Grace Eldridge, business manager of the Emiratisation division at Hays

“Instead, pay rises are more commonly offered on an individual basis as a result of a professional either starting a new job with a new company or an individual performance-related pay increase, and we expect the same again this year.”

Benefits packages, salary and career development are the top three factors that attract Emiratis to organisations, according to Hays.

However, 59 per cent of Emiratis said salary was the main reason for switching jobs in 2022.

Work-life balance and time with family are also important to Emiratis, with flexible working options high on their agenda when considering an employer.

Emiratis are likely to stay with the same organisation for more than five years if they receive career development opportunities and a competitive salary, the report said.

What are the most in-demand sectors?

The most sought-after Emirati candidates in the job market are those with industry qualifications and years of experience in both local and international markets, Hays found.

Technology continues to be the most sought-after profession among Emiratis, particularly for roles relating to data science, product development, software development and cyber security, according to Hays.

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It is not surprising that we have seen an increase in interest from private sector entities looking to hire or gain knowledge around hiring Emirati talent, the noticeable sectors being IT, technology, HR, finance and investment
Samantha Wright, managing consultant for Emiratisation at Michael Page

There is also high demand for corporate strategy and leadership roles as organisations look to re-establish and realign their budgets and growth objectives after the pandemic, requiring Emirati candidates with strong commercial and decision-making skills, the consultancy said.

Private sector companies are also looking to hire or gain knowledge about hiring Emirati talent in 2022, Ms Wright of Michael Page said.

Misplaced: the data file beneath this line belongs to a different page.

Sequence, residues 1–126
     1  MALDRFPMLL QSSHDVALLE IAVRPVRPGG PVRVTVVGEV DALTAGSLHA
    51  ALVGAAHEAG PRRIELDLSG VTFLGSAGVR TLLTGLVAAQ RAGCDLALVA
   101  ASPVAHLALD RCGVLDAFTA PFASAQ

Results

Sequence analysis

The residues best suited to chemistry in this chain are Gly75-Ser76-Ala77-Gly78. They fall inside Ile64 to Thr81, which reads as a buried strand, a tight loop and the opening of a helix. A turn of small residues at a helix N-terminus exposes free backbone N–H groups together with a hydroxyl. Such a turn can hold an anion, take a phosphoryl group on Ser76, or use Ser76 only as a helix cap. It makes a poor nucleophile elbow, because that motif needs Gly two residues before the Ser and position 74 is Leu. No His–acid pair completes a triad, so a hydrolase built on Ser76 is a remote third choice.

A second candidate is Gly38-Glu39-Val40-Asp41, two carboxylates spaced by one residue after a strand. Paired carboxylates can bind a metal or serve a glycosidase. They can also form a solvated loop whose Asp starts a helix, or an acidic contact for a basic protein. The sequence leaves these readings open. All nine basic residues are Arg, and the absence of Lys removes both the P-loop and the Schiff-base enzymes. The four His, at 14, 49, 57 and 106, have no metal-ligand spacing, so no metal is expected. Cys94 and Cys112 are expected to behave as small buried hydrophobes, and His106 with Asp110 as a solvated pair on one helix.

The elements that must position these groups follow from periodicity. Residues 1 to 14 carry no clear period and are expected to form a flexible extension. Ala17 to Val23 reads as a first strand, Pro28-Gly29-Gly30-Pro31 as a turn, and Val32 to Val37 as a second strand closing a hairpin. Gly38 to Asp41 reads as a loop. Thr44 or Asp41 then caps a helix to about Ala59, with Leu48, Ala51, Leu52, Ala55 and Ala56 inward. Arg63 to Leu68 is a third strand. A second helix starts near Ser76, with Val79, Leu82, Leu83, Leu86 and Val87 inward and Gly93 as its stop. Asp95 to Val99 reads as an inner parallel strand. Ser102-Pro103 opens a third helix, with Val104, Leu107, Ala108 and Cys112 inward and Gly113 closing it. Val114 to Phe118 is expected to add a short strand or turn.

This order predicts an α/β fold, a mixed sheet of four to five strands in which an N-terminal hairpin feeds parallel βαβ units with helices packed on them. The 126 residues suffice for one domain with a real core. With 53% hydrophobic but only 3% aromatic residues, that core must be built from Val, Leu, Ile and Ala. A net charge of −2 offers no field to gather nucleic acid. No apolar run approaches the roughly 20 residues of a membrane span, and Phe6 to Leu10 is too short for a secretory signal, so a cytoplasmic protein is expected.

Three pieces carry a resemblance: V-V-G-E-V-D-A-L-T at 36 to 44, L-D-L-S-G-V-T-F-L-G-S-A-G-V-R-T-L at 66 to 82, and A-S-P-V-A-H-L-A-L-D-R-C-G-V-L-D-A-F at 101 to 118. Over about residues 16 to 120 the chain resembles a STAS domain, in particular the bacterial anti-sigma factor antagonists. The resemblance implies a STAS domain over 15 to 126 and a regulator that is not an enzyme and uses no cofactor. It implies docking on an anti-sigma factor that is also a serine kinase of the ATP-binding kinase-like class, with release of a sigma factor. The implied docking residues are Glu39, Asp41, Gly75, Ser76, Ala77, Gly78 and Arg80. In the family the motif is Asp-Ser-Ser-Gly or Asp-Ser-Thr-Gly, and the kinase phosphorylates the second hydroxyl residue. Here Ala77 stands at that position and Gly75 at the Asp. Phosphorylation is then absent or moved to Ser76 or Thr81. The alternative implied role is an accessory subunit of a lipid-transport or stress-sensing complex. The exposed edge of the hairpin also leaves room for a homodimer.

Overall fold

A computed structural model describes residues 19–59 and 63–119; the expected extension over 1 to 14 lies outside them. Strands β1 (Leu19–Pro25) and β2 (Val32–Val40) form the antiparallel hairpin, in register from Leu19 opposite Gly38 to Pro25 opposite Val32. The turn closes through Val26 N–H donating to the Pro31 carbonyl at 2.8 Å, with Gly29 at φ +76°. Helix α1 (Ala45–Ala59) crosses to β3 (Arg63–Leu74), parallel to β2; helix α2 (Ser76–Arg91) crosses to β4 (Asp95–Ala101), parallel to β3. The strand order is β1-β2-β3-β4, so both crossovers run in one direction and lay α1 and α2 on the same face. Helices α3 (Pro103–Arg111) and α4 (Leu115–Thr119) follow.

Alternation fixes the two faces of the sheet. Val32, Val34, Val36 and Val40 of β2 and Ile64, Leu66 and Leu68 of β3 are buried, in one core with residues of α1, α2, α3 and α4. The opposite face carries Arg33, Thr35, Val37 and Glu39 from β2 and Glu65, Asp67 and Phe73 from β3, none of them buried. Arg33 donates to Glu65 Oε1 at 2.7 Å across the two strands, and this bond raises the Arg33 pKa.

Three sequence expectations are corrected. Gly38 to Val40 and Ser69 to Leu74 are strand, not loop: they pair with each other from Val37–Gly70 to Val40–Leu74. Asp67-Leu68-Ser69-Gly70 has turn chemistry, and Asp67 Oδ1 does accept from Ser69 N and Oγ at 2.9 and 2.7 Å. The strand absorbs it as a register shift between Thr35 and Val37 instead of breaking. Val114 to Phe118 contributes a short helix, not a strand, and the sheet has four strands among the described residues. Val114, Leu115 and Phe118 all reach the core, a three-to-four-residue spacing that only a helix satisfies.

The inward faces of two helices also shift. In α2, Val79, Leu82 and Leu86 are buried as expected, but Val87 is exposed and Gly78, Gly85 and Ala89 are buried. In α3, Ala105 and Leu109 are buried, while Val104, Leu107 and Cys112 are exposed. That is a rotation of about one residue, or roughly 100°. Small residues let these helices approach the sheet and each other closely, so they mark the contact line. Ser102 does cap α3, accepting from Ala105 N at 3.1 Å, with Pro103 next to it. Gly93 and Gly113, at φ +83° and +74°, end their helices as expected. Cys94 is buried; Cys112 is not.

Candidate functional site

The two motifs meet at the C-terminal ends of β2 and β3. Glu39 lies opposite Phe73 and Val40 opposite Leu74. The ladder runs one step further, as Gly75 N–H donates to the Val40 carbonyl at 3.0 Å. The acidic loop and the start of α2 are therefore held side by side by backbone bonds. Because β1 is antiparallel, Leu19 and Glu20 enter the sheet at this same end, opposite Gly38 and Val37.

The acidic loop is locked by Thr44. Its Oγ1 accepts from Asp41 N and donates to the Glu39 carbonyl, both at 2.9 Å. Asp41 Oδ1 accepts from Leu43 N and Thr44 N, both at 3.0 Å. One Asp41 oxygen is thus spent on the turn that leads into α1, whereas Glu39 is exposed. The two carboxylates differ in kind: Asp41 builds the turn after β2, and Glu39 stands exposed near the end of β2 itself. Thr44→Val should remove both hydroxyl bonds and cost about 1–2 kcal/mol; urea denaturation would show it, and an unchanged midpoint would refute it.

“It is not surprising that we have seen an increase in interest from private sector entities looking to hire or gain knowledge around hiring Emirati talent, the noticeable sectors being IT, technology, HR, finance and investment,” she said.

“Emiratisation is one of the key discussions we are having with private sector clients in the UAE, especially within the banking sector, given the increased Emiratisation quota in this sector, initiated early in 2021.”

What are the highest paying jobs for Emiratis in the private sector?

  • Human resources: chief human resources officer — Dh70,000-Dh105,000 (Abu Dhabi); Dh60,000-Dh95,000 (Dubai) per month
  • Marketing: chief marketing officer — Dh65,000-Dh95,000 (Abu Dhabi); Dh58,000-Dh92,000 (Dubai)
  • Procurement: chief procurement officer — Dh105,000-Dh125,000 (Abu Dhabi); Dh90,000-Dh105,000 (Dubai)
  • Legal: chief legal counsel — Dh80,000-Dh120,000 (Abu Dhabi); Dh72,000-Dh112,000 (Dubai)
  • Office support: office manager — Dh25,000-Dh40,000 (Abu Dhabi); Dh20,000-Dh35,000 (Dubai)
  • Technology: chief technology officer — Dh75,000-Dh150,000 (Abu Dhabi); Dh70,000-Dh140,000 (Dubai)

What are the highest paying jobs for Emiratis in the public sector?

  • Human resources: chief human resources officer — Dh92,000-Dh170,000 (Abu Dhabi); Dh70,000-Dh105,000 (Dubai) per month
  • Marketing: chief marketing officer — Dh95,000-Dh145,000 (Abu Dhabi); Dh70,000-Dh105,000 (Dubai)
  • Procurement: chief procurement officer — Dh120,000-Dh140,000 (Abu Dhabi); Dh110,000-Dh120,000 (Dubai)
  • Legal: chief legal counsel — Dh85,000-Dh145,000 (Abu Dhabi); Dh75,000-Dh95,000 (Dubai)
  • Office support: office manager — Dh30,000-Dh65,000 (Abu Dhabi); Dh27,000-Dh37,000 (Dubai)
  • Technology: chief technology officer — Dh75,000-Dh150,000 (Abu Dhabi); Dh70,000-Dh140,000 (Dubai)
Updated: March 10, 2022, 9:04 AM